During the research for this article, I tried to install it via Composer, but continuously met with permission related errors. As a result, I’ve chosen to focus on the Phar tool approach, which works, almost, seamlessly.

If you’d like to go down the Composer route, run the following command in your Terminal or console and you’ll have it available.

$ composer require zendframework/zftool:dev-master

Otherwise, download the phar file. Once it’s downloaded, run the following commands. These make it accessible universally on your system:

sudo cp -v zftool.phar /bin/
cd /bin/
sudo ln -s zftool.phar zftool
sudo chmod +x zftool.phar

If you’re not familiar with the Linux command line, what we’ve done here is to copy zftool.phar to one of the directories automatically in a users PATH.

Then we’ve created a symlink to it, giving it a simpler name and finally set the executable bit on it - now it’s ready to run.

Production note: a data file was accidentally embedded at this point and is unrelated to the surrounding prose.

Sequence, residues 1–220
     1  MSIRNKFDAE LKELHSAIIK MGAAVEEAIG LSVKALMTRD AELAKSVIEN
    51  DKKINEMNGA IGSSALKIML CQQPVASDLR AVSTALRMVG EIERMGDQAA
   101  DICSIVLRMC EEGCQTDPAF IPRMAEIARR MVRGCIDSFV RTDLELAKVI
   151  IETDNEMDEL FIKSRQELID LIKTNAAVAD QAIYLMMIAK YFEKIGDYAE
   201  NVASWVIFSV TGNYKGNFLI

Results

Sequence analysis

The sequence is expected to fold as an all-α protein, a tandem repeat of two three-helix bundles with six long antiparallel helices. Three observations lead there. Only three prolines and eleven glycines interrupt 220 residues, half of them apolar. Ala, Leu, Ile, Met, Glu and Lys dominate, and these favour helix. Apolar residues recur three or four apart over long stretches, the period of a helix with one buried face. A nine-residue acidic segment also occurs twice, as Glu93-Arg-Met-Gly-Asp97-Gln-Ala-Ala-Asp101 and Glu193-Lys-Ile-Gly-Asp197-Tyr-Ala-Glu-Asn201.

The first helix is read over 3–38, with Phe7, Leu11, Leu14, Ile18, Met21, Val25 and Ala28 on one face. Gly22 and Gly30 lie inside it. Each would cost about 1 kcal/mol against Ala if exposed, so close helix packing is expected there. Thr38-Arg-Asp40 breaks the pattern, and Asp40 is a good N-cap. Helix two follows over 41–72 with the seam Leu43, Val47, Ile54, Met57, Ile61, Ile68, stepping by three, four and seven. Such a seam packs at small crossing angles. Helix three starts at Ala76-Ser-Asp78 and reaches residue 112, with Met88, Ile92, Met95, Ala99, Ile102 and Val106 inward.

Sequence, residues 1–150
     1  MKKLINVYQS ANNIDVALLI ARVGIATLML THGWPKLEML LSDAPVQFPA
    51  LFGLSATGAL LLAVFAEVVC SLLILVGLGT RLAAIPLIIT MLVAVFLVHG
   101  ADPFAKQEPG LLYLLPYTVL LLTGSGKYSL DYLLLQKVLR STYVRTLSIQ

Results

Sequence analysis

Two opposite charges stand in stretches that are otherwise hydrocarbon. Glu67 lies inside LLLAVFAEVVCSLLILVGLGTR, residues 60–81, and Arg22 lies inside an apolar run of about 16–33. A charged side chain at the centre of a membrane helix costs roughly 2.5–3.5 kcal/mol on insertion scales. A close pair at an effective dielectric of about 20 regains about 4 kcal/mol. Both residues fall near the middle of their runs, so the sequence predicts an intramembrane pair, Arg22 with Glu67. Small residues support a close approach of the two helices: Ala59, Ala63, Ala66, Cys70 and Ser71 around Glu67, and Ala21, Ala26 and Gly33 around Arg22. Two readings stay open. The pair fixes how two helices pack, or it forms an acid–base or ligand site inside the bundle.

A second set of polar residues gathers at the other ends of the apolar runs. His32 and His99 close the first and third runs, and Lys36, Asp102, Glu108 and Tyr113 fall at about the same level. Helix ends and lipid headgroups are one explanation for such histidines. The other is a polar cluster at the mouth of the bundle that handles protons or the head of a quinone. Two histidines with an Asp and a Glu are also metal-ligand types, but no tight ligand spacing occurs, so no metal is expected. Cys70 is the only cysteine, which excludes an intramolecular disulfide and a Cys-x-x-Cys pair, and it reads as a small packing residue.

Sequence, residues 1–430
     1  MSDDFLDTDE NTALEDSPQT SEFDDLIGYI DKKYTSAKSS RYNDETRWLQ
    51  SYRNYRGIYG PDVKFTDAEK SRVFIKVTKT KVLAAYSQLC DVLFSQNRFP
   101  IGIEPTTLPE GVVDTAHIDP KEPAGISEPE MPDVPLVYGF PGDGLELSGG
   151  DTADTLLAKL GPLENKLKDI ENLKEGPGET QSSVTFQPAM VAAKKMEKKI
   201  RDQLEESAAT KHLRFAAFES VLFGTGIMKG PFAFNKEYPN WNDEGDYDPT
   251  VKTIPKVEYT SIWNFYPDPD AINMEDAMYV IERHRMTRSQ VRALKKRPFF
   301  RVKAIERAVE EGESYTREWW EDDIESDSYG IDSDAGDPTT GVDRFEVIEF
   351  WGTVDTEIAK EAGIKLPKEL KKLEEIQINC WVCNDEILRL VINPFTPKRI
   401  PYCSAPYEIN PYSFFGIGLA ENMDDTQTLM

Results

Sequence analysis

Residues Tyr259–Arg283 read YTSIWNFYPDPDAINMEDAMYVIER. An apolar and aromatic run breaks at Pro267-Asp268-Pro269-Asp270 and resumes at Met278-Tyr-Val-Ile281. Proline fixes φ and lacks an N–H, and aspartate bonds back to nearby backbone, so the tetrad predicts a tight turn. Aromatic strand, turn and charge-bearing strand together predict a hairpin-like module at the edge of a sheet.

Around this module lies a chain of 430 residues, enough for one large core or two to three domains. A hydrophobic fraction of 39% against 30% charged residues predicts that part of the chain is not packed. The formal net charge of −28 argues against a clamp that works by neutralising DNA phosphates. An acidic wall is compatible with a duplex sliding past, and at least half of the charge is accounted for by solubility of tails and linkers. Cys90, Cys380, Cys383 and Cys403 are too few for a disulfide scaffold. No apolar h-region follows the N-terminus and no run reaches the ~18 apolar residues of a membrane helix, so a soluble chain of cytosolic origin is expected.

Running the Phar Tool

Now that we have the Phar file available, let’s have a look at the options available. Running the following command will display a help screen, showing all of the options supported:


It will result in output similar to that below:


Basic information:
  zftool.phar modules [list]         show loaded modules
  zftool.phar version | --version    display current Zend Framework version

  zftool.phar diag [options] [module name]    run diagnostics

  [module name]    (Optional) name of module to test
  -v --verbose     Display detailed information.
  -b --break       Stop testing on first failure
  -q --quiet       Do not display any output unless an error occurs.
  --debug          Display raw debug info from tests.

Application configuration:
  zftool.phar config [list]                list all configuration options
  zftool.phar config get <name>            display a single config value, i.e. "config get"